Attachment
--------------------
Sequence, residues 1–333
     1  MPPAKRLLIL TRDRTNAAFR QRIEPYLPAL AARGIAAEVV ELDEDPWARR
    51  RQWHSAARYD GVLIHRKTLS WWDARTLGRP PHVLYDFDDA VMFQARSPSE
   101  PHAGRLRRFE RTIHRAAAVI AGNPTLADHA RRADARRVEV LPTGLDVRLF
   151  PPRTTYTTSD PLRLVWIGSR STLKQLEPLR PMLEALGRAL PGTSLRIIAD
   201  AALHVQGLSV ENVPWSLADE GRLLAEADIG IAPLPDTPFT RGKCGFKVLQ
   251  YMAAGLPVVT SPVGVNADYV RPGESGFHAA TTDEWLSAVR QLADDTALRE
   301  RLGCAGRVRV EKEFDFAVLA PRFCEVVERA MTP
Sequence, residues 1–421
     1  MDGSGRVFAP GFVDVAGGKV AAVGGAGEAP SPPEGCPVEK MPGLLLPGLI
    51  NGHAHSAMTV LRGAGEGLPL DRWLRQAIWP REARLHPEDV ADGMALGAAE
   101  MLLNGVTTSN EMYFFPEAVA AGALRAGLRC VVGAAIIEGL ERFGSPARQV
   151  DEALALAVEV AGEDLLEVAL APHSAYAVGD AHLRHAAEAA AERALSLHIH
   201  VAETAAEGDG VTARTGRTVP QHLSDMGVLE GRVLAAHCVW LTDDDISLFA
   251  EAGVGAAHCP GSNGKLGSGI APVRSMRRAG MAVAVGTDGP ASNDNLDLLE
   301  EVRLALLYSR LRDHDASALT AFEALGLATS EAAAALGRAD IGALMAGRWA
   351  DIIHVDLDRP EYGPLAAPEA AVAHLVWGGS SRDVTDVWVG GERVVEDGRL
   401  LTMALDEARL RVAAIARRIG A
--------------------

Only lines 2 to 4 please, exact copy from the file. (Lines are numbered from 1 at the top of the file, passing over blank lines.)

     1  MPPAKRLLIL TRDRTNAAFR QRIEPYLPAL AARGIAAEVV ELDEDPWARR
    51  RQWHSAARYD GVLIHRKTLS WWDARTLGRP PHVLYDFDDA VMFQARSPSE
   101  PHAGRLRRFE RTIHRAAAVI AGNPTLADHA RRADARRVEV LPTGLDVRLF